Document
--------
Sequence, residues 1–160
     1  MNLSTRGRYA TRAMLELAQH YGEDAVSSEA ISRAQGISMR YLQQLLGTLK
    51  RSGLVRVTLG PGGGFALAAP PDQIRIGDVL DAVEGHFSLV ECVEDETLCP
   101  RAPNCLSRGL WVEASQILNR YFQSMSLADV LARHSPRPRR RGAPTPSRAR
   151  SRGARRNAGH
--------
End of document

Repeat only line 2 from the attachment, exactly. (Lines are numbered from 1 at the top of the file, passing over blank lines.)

     1  MNLSTRGRYA TRAMLELAQH YGEDAVSSEA ISRAQGISMR YLQQLLGTLK